And as expected, programmatic video is following suit, with just under half of global travel marketers planning to increase their spend on video this year, despite only 9% of digital ad spend going towards video in 2018.
What does the future hold?
No one is questioning whether or not advertising on social media is going to grow – it is. However, it’s a competitive industry and each social platform needs to demonstrate tangible results. The more results the platform can demonstrate, the more advertisers will commit with higher spend.
And Snapchat is trying! Like all the social media platforms, it is aware that innovation is key to driving results. Although the Snapchat story has been far from positive lately, it recently announced it could be unveiling its own gaming platform this April. The application will reportedly let Snapchat users play third-party games through the Snapchat application – a feature that could drive up its user base. In another drive for users and “international growth”, Snapchat is releasing the much-anticipated redesigned Android app by the end of the year. In May, it will be testing non-skippable six-second ads in its TV-like shows, a risk that could drive up advertising interest due to better viewability, but potentially turn off consumers depending on the quality of the ad and content. And yes, Snapchat has listened to the outpouring of negativity around the redesign and is reportedly testing a redesign that once again places Stories from friends next to professional publishers. So, the platform could certainly be headed in the right direction, but will it ever catch up to Facebook and Instagram?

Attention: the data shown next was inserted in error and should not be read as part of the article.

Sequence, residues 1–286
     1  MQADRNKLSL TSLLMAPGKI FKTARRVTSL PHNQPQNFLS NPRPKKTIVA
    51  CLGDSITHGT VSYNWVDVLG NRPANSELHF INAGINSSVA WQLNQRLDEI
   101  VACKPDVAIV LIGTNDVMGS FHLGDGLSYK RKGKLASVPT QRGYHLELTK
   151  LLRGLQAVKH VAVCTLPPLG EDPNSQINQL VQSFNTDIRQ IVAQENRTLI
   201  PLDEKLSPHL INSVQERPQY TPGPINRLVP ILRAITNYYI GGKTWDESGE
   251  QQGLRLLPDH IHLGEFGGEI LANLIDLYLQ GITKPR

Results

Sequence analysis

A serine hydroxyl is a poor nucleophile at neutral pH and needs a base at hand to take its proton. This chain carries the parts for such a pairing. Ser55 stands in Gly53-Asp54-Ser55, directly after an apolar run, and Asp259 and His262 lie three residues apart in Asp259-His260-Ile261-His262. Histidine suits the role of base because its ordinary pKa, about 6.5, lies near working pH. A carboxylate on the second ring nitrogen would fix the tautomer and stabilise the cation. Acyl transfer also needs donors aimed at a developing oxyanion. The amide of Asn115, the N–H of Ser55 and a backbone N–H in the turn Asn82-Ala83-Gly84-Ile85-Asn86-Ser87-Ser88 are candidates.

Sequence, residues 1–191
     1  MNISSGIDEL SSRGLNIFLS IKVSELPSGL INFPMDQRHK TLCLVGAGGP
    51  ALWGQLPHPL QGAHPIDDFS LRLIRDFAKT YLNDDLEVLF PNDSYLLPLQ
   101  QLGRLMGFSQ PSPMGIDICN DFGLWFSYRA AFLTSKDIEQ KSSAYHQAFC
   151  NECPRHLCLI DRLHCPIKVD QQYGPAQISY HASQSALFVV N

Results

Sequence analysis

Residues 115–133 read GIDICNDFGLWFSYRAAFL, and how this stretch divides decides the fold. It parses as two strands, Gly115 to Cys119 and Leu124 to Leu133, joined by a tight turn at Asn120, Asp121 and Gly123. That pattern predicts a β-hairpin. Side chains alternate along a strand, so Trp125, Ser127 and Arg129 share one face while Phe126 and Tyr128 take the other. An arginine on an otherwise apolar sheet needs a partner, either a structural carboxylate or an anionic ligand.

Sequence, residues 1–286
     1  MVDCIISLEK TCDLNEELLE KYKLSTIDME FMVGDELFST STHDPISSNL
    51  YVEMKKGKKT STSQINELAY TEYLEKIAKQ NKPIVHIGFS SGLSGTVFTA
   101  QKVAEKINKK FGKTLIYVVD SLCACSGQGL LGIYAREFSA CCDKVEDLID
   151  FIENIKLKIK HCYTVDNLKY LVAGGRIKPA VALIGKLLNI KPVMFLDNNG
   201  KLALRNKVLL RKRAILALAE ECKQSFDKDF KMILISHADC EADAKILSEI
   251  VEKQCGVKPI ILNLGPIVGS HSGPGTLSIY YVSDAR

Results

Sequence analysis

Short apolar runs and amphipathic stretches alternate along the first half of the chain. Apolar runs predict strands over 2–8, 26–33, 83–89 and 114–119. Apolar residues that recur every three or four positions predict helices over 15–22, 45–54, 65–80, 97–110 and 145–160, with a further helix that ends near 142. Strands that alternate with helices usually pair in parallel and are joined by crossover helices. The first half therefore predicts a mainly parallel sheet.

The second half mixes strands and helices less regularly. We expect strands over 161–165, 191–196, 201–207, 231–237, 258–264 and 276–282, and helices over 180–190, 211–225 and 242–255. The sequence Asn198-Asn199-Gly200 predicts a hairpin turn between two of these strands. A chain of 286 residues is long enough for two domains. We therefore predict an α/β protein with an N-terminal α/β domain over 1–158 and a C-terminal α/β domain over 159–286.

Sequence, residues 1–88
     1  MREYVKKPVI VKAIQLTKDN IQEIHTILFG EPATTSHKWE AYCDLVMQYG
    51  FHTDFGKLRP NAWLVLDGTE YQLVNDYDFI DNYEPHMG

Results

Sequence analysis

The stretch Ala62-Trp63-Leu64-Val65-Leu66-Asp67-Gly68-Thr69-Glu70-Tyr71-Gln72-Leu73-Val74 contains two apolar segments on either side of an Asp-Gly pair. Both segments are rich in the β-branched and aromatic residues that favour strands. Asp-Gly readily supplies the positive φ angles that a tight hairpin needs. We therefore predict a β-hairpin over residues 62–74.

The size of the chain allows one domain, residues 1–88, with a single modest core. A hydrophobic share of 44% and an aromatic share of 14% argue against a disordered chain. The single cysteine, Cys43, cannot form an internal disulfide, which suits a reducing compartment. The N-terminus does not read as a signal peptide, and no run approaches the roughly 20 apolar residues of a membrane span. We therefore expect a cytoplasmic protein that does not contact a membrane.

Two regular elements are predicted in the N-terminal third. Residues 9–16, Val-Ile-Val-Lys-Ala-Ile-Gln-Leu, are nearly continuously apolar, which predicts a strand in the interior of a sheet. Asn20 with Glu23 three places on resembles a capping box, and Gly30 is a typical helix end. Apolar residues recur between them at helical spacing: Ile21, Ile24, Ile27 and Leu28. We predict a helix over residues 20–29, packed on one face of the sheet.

Facebook and Instagram are showing no signs of slowing down, with Instagram announcing last week that it’s rolling out a checkout button to make it easier for people to shop from the platform. They also continue to roll out various new ad products designed for different verticals and higher funnel objectives, such as brand awareness, as well as lower funnel objectives such as driving conversions via remarketing. Ultimately, these platforms continue to evolve in order to influence consumers at each stage of their path to purchase. With more than a billion monthly active users on Instagram and 400 million Instagram Stories daily active users, this is currently the platform to compete with.
One thing is for certain, advertisers are playing catchup with changing consumer behaviour. Consumers are long past just moving towards social, they are headed straight for Stories. I have no doubt that the ad spend will follow.